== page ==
What is an ISA and how much is my allowance?
In simple terms, ISAs (Individual Savings Accounts) and their Junior equivalents are tax shelters for your savings and investments. Interest earned on other savings (or current) accounts may be liable for income tax once an individual’s Personal Savings Allowance has been reached. Basic rate taxpayers may earn up to £1,000 interest tax free per year and higher-rate taxpayers £500. Additional rate taxpayers (45%) don’t get an allowance, making ISAs particularly relevant to affluent individuals.
The annual ISA allowance for each tax year has been raised by successive governments to now stand at a generous £20,000 for 2017/2018 for adult account-holders (see below for more on Junior ISAs). If the terms and conditions of your account allow, you can take money out and replace it in the same tax year without that counting towards your allowance (although charges may be levied for early access if you have a fixed-rate account).
You must maximise your ISA allowance by the end of each tax year on 5 April, or lose it. Remember to build in sufficient time for new accounts and transfers to go live.
The main types of ISA
The two main types of account are cash ISAs and Stocks & Shares ISAs, but several other kinds now also exist which may be beneficial (see below). Importantly, you can opt to split your annual ISA allowance between the two types of account.
Cash ISAs are akin to savings accounts where interest is earned tax-free. Cash ISA interest rates have now started to improve, having languished at low levels for many years (in line with those generally). However, they are still well below their previous peaks, when 5% was common, meaning that stocks & shares accounts may be preferable for those seeking higher returns.
Instant access “flexible” ISAs can be used like regular savings accounts and are therefore a good option for those who may need to withdraw money quickly. Fixed-rate ISAs, meanwhile, offer better rates in exchange for your money being tied up for a longer period (with penalties likely for early withdrawal).
You can only pay into one cash ISA each year, but recently some banks and building societies have started to offer “mix-and-match” cash accounts which allow savers to split their allowances between instant access (lower-rate) and fixed-term (higher-rate) pots under one tax wrapper.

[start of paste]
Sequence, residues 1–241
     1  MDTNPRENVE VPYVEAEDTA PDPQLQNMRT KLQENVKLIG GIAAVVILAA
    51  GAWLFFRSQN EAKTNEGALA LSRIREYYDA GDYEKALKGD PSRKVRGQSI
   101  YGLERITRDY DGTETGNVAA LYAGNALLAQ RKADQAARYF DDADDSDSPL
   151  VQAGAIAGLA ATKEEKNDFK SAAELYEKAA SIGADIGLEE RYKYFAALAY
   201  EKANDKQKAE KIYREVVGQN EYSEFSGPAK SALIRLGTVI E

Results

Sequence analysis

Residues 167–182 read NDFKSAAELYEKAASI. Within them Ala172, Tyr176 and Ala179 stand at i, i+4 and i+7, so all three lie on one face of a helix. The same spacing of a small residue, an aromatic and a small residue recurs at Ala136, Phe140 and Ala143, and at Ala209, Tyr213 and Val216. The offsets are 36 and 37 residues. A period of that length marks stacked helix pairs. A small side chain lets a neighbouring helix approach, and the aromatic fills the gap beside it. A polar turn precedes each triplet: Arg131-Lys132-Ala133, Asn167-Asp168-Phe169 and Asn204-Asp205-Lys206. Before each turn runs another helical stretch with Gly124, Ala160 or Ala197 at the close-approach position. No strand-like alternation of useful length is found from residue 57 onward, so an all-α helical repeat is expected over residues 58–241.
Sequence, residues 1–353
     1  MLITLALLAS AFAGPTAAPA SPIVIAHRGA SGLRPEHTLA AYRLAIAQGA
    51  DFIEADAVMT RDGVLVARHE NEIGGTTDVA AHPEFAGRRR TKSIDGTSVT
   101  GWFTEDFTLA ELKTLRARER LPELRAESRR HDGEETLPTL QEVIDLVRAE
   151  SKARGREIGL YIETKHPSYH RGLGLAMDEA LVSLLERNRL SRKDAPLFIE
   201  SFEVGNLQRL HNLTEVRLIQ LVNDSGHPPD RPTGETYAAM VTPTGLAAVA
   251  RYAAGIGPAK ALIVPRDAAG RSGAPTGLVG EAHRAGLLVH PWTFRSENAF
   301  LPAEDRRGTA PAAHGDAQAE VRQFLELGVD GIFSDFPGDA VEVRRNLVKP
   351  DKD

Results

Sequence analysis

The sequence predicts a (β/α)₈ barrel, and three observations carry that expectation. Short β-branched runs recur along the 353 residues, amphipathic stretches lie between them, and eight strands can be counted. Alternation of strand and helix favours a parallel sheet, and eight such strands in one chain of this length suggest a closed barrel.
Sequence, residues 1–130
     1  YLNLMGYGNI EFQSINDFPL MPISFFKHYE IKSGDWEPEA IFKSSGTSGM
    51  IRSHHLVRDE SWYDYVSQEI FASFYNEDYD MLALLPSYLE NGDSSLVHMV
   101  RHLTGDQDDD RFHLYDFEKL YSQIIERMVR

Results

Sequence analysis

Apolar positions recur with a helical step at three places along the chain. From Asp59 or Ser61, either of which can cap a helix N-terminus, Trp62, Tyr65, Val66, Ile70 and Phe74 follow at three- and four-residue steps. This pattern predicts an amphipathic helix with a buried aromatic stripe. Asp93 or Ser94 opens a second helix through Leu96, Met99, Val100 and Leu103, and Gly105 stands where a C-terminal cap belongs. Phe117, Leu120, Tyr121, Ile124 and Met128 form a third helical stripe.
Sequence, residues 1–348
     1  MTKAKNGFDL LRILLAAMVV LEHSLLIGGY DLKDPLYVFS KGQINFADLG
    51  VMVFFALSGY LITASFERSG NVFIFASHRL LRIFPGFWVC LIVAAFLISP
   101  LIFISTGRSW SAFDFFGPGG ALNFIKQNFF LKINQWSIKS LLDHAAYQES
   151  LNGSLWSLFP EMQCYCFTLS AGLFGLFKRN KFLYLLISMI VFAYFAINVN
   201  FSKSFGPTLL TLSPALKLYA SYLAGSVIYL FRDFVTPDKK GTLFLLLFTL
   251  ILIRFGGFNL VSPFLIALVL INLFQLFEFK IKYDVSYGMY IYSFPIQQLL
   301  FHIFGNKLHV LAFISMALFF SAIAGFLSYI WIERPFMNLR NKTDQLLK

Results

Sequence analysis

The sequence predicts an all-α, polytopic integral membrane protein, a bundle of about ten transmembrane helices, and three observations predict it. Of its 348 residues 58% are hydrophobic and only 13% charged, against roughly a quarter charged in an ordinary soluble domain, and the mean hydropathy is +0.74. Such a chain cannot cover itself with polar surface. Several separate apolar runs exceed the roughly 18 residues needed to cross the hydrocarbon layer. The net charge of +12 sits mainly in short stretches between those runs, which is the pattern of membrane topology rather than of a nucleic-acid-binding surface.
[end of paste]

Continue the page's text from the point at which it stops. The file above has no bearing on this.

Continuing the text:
Stocks & Shares ISAs enable to put your £20,000 allowance into a range of investments, as well as cash. Any gains are protected from tax (on Capital Gains from investment growth and dividend distributions) and without you having to declare these investments on your tax return.
Since you can hold a broad range of investments in a Stocks & Shares ISA – including government/corporate bonds, direct share holdings or investment funds – they offer the opportunity to achieve greater returns than cash, as well as the diversification benefits of a mixed portfolio. However, greater return potential comes with slightly higher risks, and so you should only invest money into risk assets for the longer-term (five or six years, at least).
Other types of ISA
Junior ISAs allow for under-18s to have up to £4,128 saved or invested on their behalf each tax year without any gains being taxed (again, there are cash and stocks & shares versions).
Importantly, JISA funds are not available until the account-holder reaches 18, after which control of these monies passes completely to them.
Lifetime ISAs are intended to help people 18-40 buy their first home or save for retirement with the help of government bonuses (they are in fact increasingly popular as alternatives or additions to pensions). The saver can put up to £4,000 a year into a Lifetime ISA until they are 50 and the government will add a 25% bonus on top (up to a maximum of £1,000 each year). Monies may be held as cash, or stocks & shares (or a combination).
Importantly, the £4,000 limit counts towards your normal £20,000 annual ISA allowance and you cannot pay into or earn bonuses on your Lifetime ISA post-50.
There is also a 25% charge (i.e. repaying the bonus) to withdraw cash or assets from a Lifetime ISA, unless you are over 60 or buying your first home.
Help to Buy ISAs are aimed at those saving towards a house deposit, with the government helping them to buy via bonuses. Savers can earn up to 2.53% interest tax-free and then the state will add 25% cash on top of their contributions.
This scheme is set to run until 2030 and is open to first-time buyers aged 16 and over, so could be a good option for those looking to save small amounts over many years. Bonuses are subject to various restrictions, however, such as on couples’ eligibility and property value so taking in-depth advice is warranted.